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- Hart Publishing
- Briaere, Chloae
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The Needed Balances in EU Criminal Law
Past, Present and Future1249Fåtal ex i lager. Skickas inom 1-2 vardagar.
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This important volume provides an up-to-date overview of the main questions currently discussed in the field of EU criminal law. It makes a stimulating addition to literature in the field, while offering its own distinctive features. It takes a four-part approach: firstly, it addresses issues of a constitutional nature, such as the EU competence in the field of criminal law, the importance of the principle of subsidiarity and the role played by the different EU institutions. Secondly, it looks at issues linked to the quest of the right balance between diversity and unity, and focuses in particular on the special relationship between approximation and mutual recognition. Thirdly, it focuses on the balance between security and freedom, or, in other words, between the shield and sword functions of EU criminal law. Special attention is given here to transatlantic cooperation, data protection, terrorism, the European Arrest Warrant and the European Investigation Order. Finally, it examines the importance of balanced relations between criminal justice actors.
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This detailed volume, comprising some 23 chapters over six parts, aims to address the most potent questions arising in the field of EU criminal law today... the editors were able to draw upon an impressive range of expertise from academia and beyond... The resulting blend of law and policy insights on the history and future of EU criminal justice elevates the breadth and depth of the collection. -- Dr Noreen O'Meara, Senior Lecturer in Law, University of Surrey * Criminal Law and Practice Review * [T]he book is not only a valid tool for academics, but may also serve as a reference for EU practitioners and actors working on amendments or drafting of EU criminal law instruments. -- Daria Sartori * International Criminal Law Review *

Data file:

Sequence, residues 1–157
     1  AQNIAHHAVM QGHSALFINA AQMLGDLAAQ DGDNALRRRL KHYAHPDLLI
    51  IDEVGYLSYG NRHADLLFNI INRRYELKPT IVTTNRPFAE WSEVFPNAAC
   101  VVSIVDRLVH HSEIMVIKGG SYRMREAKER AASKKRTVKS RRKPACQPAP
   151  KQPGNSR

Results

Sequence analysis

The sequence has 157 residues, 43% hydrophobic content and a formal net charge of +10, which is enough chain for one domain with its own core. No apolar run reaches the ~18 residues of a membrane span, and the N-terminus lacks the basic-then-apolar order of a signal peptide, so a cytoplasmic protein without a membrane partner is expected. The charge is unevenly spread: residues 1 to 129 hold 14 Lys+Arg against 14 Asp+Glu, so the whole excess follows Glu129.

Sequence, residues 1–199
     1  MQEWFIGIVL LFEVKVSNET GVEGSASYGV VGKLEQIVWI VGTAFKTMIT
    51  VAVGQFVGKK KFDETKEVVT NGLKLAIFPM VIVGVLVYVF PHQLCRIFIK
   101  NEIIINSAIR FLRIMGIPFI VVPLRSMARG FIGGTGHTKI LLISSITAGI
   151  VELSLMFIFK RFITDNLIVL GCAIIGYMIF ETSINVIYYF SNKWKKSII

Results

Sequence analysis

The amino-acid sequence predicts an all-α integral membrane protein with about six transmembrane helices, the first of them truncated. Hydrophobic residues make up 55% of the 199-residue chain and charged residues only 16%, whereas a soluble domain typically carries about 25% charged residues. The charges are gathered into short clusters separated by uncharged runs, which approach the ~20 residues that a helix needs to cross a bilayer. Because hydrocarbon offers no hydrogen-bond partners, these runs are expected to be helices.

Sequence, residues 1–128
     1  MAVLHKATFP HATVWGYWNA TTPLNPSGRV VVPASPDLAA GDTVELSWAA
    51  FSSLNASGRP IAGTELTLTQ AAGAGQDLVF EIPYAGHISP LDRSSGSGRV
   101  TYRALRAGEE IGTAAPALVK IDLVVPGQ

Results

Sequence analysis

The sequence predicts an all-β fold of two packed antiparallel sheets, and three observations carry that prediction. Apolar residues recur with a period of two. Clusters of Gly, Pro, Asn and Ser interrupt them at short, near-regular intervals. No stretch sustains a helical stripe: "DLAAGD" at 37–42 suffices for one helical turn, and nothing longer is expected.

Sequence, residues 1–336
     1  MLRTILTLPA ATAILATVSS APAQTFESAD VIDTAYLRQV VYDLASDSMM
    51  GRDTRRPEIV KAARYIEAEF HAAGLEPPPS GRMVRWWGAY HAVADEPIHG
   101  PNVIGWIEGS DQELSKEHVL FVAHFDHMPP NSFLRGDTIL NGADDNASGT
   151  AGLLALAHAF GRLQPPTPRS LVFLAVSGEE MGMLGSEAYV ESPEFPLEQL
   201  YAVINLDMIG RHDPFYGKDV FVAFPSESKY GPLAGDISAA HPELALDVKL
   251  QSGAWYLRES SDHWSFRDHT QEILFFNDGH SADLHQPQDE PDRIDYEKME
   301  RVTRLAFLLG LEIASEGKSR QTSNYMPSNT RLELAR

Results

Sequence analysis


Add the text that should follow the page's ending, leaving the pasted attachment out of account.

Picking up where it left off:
Dr Chloe Briere is Associate Member of the Centre for European Law at the Universite Libre de Bruxelles, and Member of the European Criminal Law Academic Network (ECLAN). Professor Anne Weyembergh is President of the Institute for European Studies at the Universite Libre de Bruxelles, and Co-coordinator of the European Criminal Law Academic Network (ECLAN).
Part I: Introduction 1. Introduction by Vera Jourova, EU Commissioner for Justice, Consumers and Gender Equality 2. Introduction by Minister Koen Geens, Minister of Justice, Belgium 3. Introduction by Minister Felix Braz, Minister of Justice, Luxembourg 4. Introduction: About ECLAN and the Balances that Need to be Struck in EU Criminal Law Chloe Briere and Anne Weyembergh (Editors) Part II: The Quest for the Right Balance in the Institutional Design/Between the EU and the Member States and Between the EU Institutions 5. The Evolution of Competence Distribution Between the European Union and the Member States in the Criminal Field Samuli Miettinen 6. 'The Evolution of Competence Distribution Between the EU and the Member States in the Criminal Field' (by Samuli Miettinen)-A (Short) Reaction Pedro Caeiro 7. The Principle of Subsidiarity in EU Criminal Law Irene Wieczorek 8. Challenges Facing the Academic Community: A Practitioner's Point of View in Reaction to Irene Wieczorek's Paper Eugenio Selvaggi 9. Stepping into Uncharted Waters No More: The Court of Justice and EU Criminal Law Adam Lazowski 10. The Evolution of the Relationship and Balance Between the Different EU Institutions Emilio de Capitani Part III: The Quest for the Right Balance Between Diversity and Unity 11. The Issue of Mutual Trust and the Needed Balance Between Diversity and Unity Daniel Flore 12. The Sensitive Relationship Between the Different Means of Legal Integration: Mutual Recognition and Approximation Annika Suominen 13. Mutual Recognition in EU Criminal Law and Fundamental Rights-The Necessity for a Sensitive Approach Anze Erbeznik Part IV: The Quest for the Right Balance Between Liberty and Security 14. The External Dimension of Mutual Trust: The Coming of Age of Transatlantic Counter-terrorism Cooperation Valsamis Mitsilegas 15. The Role of the Data Protection Authorities in Supervising Police and Criminal Justice Authorities Processing Personal Data Paul de Hert and Juraj Sajfert 16. 'Foreign Terrorist Fighters'-De-Radicalisation and Inclusion vs Law Enforcement and Corrections in Denmark Jorn Vestergaard 17. A New Hope? The Court of Justice Restores the Balance Between Fundamental Rights Protection and Enforcement Demands in the European Arrest Warrant System Leandro Mancano 18. Mutual Recognition and Cross-Border Interception of Communications: The Way Ahead for the European Investigation Order Lorena Bachmaier Part V: The Quest for Balance Regarding Criminal Justice Actors and in Their Mutual Relations 19. A Comparison of the Evolution and Pace of Police and Judicial Cooperation in Criminal Matters: A Race Between Europol and Eurojust? Sabine Gless and Thomas Wahl 20 The Cooperation Between Police and Justice at the EU Level: The Representative Example of Joint Investigation Teams Anne Weyembergh, Ines Armada and Chloe Briere 21. The Draft Regulation on the Establishment of the European Public Prosecutor's Office-Issues of Balance Between the Prosecution and the Defence Hans-Holger Herrnfeld 22. The Material Scope of Competence of the European Public Prosecutor's Office: Lex uncerta and unpraevia? John A.E. Vervaele Part VI: Conclusion 23. Afterword(s) on Mutual Recognition and the Respect for Fundamental Rights Revisited-Following the Judgment in Aranyosi and Caldararu Judge Lars Bay Larsen